Outsourcing your Weaknesses - Part 1 of 2

Chatting about a new business venture with a friend of mine the other night we were talking about our own long term development.   We both share similar ideals and an internal drive to continually learn and develop our skills.   We have big plans for our future venture together however regardless of what we do we want both ultimately want to create a business that will help others to develop and improve.  

This got us talking about development and how that my friend has learnt to recognise his strengths and his weakness and that now he doesn’t get hung up about his weaknesses.  He knows what they are and does things to improve them, however he knows that this is limited and so he also spends lots more time building on his existing strengths. I am also doing the same.  I have some good strengths and some weaknesses that I know I’m improving on but also need more work.  

So when we were talking about these areas of improvement we realised that in life you cannot do everything and sometimes it’s better to either accept your weaknesses or in a business environment utilise someone else that is strong in the areas you feel you are weak in.  

We called this “Outsourcing your weaknesses”.  

This happens all the time at businesses regardless of size.   Large organisations have departments.  The finance team are strong with all things financial but not great at selling, and vice versa for the sales team.

If you manage a team within a department with lots of different tasks then look to see what the strengths in the team are.  If you have tasks you need to do then can you delegate them to someone else who can do them better than you?   

On a much smaller scale if you are just starting out in business and you know that you have no design flair in your body but a great product then don’t try and design anything, just outsource it.   If you are great at IT and are providing IT support services but not confident at selling then outsource it.

Now I know this is all good in theory and in practice it can be a lot harder, outsourcing costs money & time, you need to manage people, deal with potential internal politics and more.   So to begin with you might need to work on these weaknesses a bit yourself so if you are poor at finance then learn the basics.  You don’t need to become an expert just do enough to get by.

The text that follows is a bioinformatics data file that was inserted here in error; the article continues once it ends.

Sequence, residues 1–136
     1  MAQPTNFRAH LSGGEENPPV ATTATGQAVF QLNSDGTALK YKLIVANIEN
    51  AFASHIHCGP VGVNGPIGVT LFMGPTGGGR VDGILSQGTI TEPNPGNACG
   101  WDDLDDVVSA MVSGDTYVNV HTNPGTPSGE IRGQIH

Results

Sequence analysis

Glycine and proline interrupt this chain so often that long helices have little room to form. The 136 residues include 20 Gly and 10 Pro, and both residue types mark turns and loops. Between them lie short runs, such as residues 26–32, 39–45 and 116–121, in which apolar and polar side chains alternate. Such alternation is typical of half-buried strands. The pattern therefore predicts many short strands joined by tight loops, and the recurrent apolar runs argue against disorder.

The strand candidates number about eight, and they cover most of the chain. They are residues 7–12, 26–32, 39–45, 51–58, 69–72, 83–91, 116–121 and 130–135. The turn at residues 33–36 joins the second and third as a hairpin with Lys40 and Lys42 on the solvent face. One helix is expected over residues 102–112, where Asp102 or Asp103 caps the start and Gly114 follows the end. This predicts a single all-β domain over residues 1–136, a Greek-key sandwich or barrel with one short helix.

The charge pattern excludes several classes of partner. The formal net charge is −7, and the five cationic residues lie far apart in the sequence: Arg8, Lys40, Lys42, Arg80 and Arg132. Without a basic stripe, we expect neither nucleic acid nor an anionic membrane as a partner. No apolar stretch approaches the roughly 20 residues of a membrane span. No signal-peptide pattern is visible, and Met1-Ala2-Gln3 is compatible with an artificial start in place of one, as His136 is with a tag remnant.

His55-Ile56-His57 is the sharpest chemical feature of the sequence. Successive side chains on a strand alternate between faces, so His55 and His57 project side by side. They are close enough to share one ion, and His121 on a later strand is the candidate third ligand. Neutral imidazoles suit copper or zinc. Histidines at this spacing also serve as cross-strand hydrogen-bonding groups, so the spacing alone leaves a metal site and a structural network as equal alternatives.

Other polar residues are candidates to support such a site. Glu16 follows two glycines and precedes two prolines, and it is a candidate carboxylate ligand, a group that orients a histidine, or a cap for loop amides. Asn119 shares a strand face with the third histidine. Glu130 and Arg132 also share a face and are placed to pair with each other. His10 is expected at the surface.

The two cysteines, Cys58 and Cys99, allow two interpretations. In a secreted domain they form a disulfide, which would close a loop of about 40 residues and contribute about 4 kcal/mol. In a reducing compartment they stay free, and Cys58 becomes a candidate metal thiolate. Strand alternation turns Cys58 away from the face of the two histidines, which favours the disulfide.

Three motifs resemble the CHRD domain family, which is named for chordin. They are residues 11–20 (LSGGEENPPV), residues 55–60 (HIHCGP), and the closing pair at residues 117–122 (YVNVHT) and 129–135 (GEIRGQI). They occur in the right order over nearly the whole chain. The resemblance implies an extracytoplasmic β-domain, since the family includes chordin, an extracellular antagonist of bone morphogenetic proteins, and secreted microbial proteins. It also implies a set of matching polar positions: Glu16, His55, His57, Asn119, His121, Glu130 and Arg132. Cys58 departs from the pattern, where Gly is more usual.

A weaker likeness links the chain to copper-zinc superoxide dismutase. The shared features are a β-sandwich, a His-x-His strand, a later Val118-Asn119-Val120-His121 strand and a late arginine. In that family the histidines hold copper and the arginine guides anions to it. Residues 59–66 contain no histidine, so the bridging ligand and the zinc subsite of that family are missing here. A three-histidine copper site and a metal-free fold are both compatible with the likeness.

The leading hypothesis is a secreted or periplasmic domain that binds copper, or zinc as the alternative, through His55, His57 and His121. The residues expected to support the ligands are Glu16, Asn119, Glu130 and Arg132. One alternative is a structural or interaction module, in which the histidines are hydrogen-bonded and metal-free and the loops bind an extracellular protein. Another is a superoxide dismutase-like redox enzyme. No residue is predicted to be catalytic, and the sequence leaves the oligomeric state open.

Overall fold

Then when the time is right get someone else who is better than you at that skill to do the job you need.   Surround yourself with people who are experts in that area and have the confidence to do so.   You are then free to use your strengths to achieve what you want to.

So to conclude I’m saying that you should be aware of your weaknesses and your strengths,  look to continually develop both however in a business world if you can outsource to people with better talent, skill and knowledge than you in certain areas then go for it.

Blake Henegan

E-mail me when people leave their comments –

You need to be a member of DPG Community to add comments!

Join DPG Community

Get Involved

Start a discussion in one of the following Zones
 

 

What's Happening?

Harriet Thomas and Ana Richardson are now connected
11 minutes ago
Claudia Antoniazzi, Gail Stoddern, Anuradha Ramanathan and 4 more joined DPG Community
33 minutes ago
Sarah Wood updated their profile photo
1 hour ago
Chrissy Allen posted a discussion
1 hour ago
Nekisha Salmon is now connected with Louise Hartley, Jamie Suggitt and Christine Ringham
3 hours ago
Nathan Moyler is now connected with Emily Patrick and Gina Suddaby
4 hours ago
Gary Norris and Lillian Boyd are now connected
7 hours ago
Sarah Kilian liked Theresa Mayne FCIPD's blog post DPG's Career Community - CPD log
7 hours ago
Andy comber is now connected with Christine Ringham, Louise Hartley and Sarah Millward
8 hours ago
Nekisha Salmon updated their profile photo
8 hours ago
Christopher Holmes and Christine Ringham are now connected
8 hours ago
Liz Farr is now connected with Louise Hartley and Christine Ringham
9 hours ago
More…